In addition, on April 6 a group from the UN Studies Program will visit the United Nations Security Council to observe a debate on Haiti. Former President Bill Clinton, the UN’s Special Envoy for Haiti, will deliver a report, along with Haitian President Rene Preval.

Top 10 Things That only Happen at SIPA

The following post was contributed by second year SIPA student Richard Parker.  Richard is working in our office this year and he, along with several other students, will be contributing posts throughout the year.


I decided to take a break from paper writing and finals studying to update the blog. This month has been long and crazy! On the 12th the SIPA Pan African Network (SPAN) hosted their annual African Diplomatic Forum. The theme was: Climate Change as the new Security Threat- Implications for Africa. Our keynote speaker was Congressman Donald Payne and we had two panels with many notable and distinguished panelists. I served as the host for the event and also the coordinator for the Human Security panel. Needless to say I was beat after it was all said and done.

The next week I had a group presentation for my Peacekeeping in Africa class which drained the rest of the energy from my body. We presented on Liberia and to our surprise one of my professors colleagues who works for the UN (at the Liberia desk of course lol) was in the audience observing the presentation.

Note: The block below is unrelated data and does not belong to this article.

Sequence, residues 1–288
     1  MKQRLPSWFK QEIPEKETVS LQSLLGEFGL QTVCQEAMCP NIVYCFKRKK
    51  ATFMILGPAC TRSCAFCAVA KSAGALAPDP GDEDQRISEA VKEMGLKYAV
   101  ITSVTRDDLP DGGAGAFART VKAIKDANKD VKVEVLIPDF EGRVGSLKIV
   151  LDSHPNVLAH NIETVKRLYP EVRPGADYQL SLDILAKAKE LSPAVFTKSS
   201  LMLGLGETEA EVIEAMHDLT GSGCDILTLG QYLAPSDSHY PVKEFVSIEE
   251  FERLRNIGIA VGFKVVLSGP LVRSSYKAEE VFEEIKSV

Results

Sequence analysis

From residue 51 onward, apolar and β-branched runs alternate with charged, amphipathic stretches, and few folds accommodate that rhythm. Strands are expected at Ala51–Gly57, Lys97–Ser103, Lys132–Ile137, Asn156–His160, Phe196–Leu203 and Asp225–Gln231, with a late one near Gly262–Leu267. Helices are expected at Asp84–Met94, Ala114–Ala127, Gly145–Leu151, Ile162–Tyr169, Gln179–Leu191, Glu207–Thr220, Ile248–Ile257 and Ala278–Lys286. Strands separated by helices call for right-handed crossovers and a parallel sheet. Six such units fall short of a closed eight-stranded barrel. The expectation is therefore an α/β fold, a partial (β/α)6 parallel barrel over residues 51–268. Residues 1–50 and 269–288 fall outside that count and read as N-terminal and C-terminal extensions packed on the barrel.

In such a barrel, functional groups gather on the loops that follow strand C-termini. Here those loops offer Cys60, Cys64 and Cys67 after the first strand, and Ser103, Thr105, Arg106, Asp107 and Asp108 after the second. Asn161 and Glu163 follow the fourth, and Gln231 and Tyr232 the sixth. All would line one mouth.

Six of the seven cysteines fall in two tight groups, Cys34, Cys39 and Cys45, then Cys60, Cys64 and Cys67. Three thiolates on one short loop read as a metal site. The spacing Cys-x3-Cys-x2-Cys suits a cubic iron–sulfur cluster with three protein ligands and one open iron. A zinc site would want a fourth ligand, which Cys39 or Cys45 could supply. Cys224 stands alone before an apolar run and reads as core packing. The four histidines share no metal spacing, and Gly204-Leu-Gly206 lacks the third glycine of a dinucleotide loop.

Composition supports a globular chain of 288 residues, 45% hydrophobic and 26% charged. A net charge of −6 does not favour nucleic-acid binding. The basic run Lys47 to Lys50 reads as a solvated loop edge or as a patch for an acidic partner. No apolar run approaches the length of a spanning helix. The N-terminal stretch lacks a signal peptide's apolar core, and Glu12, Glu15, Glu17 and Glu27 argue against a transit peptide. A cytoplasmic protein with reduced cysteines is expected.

But after that was Thanksgiving!!!! I hope everyone had a happy Thanksgiving. Me and my mom did the normal turkey, stuffing, cranberry sauce etc…which is always a treat…but the rest of the holiday well let’s just say it wasn’t a holiday. On Black Friday, while most people spend hours waiting on line to get in to department stores, I spent hours online in the library writing the first of 4 (four, cuarto, quarte, quattro) 20 (twenty, vingt, venti, veinte) page papers. Only this type of thing happens at SIPA. So in true David Letterman style I present the top 10 things that only happen at SIPA (in no particular order)

10: You meet someone from a country that you can barely find on a map

9: You hear languages that Rosetta Stone doesn’t have a disk for being spoken on the 6th floor café

8: You have professors who are real life rockstars at the United Nations

7: You complain about Lehman library but never manage to study elsewhere and get mad when undergrads take all the tables in group study

6: During finals time when studying with friends, someone says they’re about to make a food run and you know that means either Hamilton’s, Sub Conscious or Appletree

5: You have a 2 minute pitch

4: You cringe at the thought of producer theory

3: Riding in the elevator with Mayor Dinkins or a visiting ambassador or head of state seems normal

2: You know the best time to go to the café in order to avoid the line